The petitioner assails the award of damages contending that it exercised the extraordinary diligence required by law under the given circumstances. The delay of Flight No. SQ 27 fromFrankfurt to Singapore on January 28, 1991 for more than two hours was due to a fortuitous event and beyond petitioner’s control. Inclement weather prevented the petitioner’s plane coming fromCopenhagen, Denmark to arrive in Frankfurt on time on January 27, 1991. The plane could not take off from the airport as the place was shrouded with fog. This delay caused a “snowball effect” whereby the other flights were consequently delayed. The plane carrying the respondent arrived in Singapore two (2) hours behind schedule.[16] The delay was even compounded when the plane could not travel the normal route which was through the Middle East due to

the raging Gulf War at that time. It had to pass through the restricted Russian airspace which was more congested.[17] Under these circumstances, petitioner therefore alleged that it cannot be faulted for the delay in arriving in Singapore on January 28, 1991 and causing the respondent to miss her connecting flight to Manila. The petitioner further contends that it could not also be held in bad faith because its personnel did their best to look after the needs and interests of the passengers including the respondent. Because the respondent and the other 25 passengers missed their connecting flight to Manila, the petitioner automatically booked them to the flight the next day and gave them free hotel accommodations for the night. It was respondent who did not take petitioner’s offer and opted to stay with a family friend in Singapore. The petitioner also alleges that the action of the respondent was baseless and it tarnished its good name and image earned through the years for which, it was entitled to damages in the amount of P1,000,000; exemplary damages of P500,000; and attorney’s fees also in the amount of P500,000.[18] The petition is barren of merit. When an airline issues a ticket to a passenger, confirmed for a particular flight on a certain date, a contract of carriage arises. The passenger then has every right to expect that he be transported on that flight and on that date. If he does not, then the carrier opens itself to a suit for a breach of contract of carriage.[19] The contract of air carriage is a peculiar one. Imbued with public interest, the law requires common carriers to carry the passengers safely as far as human care and foresight can provide, using the utmost diligence of very cautious persons with due regard for all the circumstances.[20] In an action for breach of contract of carriage, the aggrieved party does not have to prove that the common carrier was at fault or was negligent. All that is necessary to prove is the existence of the contract and the fact of its non-performance by the carrier.[21] In the case at bar, it is undisputed that the respondent carried a confirmed ticket for the two-legged trip from Frankfurt to Manila: 1) Frankfurt-Singapore; and 2) SingaporeManila. In her contract of carriage with the petitioner, the respondent certainly expected that she would fly to Manila on Flight No. SQ 72 on January 28, 1991. Since the petitioner did not transport the respondent as covenanted by it on said terms, the petitioner clearly breached its contract of carriage with the respondent. The respondent had every right to sue the petitioner for this breach. The defense that the delay was due to fortuitous events and beyond petitioner’s control is unavailing. In PAL vs. CA,[22] we held that:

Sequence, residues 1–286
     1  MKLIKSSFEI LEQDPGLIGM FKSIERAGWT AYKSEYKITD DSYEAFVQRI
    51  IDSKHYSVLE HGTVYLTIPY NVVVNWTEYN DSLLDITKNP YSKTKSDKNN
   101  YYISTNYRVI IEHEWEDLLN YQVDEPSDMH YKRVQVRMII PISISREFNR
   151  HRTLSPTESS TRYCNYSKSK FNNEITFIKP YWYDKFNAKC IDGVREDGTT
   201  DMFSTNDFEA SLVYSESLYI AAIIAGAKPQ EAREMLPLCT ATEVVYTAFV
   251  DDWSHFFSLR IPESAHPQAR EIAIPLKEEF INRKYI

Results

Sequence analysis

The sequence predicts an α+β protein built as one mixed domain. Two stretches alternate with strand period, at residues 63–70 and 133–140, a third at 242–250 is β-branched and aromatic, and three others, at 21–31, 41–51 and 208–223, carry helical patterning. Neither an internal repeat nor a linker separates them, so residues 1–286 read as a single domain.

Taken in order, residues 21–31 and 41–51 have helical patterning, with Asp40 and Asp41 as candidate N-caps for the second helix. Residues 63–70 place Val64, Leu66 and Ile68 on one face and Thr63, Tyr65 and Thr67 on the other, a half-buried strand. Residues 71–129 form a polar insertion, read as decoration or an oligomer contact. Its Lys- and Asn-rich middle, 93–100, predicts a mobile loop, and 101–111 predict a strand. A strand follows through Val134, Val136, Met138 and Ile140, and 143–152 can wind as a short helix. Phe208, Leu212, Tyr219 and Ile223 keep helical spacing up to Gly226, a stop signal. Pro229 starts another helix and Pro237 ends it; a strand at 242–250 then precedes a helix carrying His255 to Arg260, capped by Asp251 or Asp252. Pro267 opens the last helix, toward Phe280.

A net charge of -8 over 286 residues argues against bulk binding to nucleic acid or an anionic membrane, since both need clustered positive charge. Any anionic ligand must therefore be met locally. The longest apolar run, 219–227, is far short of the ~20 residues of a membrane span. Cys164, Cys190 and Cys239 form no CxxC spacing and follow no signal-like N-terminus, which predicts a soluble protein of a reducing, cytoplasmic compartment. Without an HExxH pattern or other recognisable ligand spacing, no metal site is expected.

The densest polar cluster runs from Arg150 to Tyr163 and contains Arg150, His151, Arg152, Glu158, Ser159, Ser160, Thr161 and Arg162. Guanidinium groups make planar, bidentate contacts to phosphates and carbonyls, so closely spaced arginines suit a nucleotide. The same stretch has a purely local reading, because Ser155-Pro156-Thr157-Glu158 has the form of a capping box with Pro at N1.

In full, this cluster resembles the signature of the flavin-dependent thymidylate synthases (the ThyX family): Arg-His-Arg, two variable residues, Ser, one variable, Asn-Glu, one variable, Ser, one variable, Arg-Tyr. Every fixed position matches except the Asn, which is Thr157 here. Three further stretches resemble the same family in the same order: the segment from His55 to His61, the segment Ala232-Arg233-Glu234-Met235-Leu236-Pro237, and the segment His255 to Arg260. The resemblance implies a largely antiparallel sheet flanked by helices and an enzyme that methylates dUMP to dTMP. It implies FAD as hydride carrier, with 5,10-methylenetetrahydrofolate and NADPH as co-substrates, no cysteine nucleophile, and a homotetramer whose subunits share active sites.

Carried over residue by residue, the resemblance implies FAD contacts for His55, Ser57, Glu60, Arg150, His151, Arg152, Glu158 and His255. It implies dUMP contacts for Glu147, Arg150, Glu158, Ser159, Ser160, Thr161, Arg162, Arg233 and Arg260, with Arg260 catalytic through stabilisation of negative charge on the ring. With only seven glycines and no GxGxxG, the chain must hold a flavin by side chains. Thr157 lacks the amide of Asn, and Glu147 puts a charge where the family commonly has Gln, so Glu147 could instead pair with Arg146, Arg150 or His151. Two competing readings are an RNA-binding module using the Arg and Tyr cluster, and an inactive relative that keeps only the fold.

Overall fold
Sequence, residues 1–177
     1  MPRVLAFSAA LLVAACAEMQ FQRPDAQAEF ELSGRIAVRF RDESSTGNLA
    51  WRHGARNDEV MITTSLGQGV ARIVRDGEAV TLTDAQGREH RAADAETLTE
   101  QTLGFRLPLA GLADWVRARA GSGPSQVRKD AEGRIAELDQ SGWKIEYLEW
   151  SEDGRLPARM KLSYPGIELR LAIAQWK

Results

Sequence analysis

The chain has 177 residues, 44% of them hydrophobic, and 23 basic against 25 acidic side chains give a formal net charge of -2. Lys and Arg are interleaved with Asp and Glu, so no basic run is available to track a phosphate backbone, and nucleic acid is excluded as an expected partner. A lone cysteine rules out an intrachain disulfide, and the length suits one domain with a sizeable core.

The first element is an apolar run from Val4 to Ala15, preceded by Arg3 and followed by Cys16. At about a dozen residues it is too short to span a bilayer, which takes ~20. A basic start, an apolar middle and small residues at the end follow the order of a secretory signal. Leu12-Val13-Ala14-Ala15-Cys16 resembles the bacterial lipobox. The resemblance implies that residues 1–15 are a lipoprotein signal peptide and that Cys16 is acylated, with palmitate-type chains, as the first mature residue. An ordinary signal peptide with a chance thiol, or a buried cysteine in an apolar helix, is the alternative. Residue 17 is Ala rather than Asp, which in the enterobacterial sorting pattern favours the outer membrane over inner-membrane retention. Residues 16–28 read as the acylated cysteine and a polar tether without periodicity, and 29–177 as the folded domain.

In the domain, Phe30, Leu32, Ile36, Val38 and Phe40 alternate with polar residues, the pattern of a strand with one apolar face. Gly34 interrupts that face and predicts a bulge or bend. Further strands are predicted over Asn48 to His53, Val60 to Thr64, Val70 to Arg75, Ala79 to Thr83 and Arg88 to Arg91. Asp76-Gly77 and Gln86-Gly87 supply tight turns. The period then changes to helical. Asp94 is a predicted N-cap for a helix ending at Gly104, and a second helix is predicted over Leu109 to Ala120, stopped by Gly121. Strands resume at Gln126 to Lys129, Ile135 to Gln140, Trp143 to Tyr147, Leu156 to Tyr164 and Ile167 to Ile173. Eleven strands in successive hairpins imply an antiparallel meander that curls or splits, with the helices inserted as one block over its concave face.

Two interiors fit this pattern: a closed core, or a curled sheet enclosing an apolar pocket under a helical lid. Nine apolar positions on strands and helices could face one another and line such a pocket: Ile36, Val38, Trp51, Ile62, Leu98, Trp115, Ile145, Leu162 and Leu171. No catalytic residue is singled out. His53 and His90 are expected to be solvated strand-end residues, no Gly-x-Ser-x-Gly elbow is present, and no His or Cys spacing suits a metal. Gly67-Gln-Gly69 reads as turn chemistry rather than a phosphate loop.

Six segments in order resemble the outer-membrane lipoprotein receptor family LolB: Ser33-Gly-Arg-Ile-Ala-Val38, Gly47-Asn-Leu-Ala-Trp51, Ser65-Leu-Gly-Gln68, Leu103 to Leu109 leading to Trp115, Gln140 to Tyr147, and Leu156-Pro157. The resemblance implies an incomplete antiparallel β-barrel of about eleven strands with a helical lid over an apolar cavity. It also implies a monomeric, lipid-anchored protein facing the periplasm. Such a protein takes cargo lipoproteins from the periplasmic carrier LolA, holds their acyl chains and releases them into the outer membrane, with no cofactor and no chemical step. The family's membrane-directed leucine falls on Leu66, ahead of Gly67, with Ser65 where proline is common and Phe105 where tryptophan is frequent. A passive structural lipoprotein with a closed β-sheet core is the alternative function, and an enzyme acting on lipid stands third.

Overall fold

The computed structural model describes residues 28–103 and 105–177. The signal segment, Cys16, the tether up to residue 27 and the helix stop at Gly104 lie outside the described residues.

.... Undisputably, PAL’s diversion of its flight due to inclement weather was a fortuitous event. Nonetheless, such occurrence did not terminate PAL’s contract with its passengers. Being in the business of air carriage and the sole one to operate in the country, PAL is deemed to be equipped to deal with situations as in the case at

bar. What we said in one case once again must be stressed, i.e., the relation of carrier and passenger continues until the latter has been landed at the port of destination and has left the carrier’s premises. Hence, PAL necessarily would still have to exercise extraordinary diligence in safeguarding the comfort, convenience and safety of its stranded passengers until they have reached their final destination... ... “...If the cause of non-fulfillment of the contract is due to a fortuitous event, it has to be the sole and only cause (Art. 1755 C.C., Art. 1733 C.C.). Since part of the failure to comply with the obligation of common carrier to deliver its passengers safely to their destination lay in the defendant’s failure to provide comfort and convenience to its stranded passengers using extraordinary diligence, the cause of non-fulfillment is not solely and exclusively due to fortuitous event, but due to something which defendant airline could have prevented, defendant becomes liable to plaintiff.”
Indeed, in the instant case, petitioner was not without recourse to enable it to fulfill its obligation to transport the respondent safely as scheduled as far as human care and foresight can provide to her destination. Tagged as a premiere airline as it claims to be and with the complexities of air travel, it was certainly well-equipped to be able to foresee and deal with such situation. The petitioner’s indifference and negligence by its absence and insensitivity was exposed by the trial court, thus: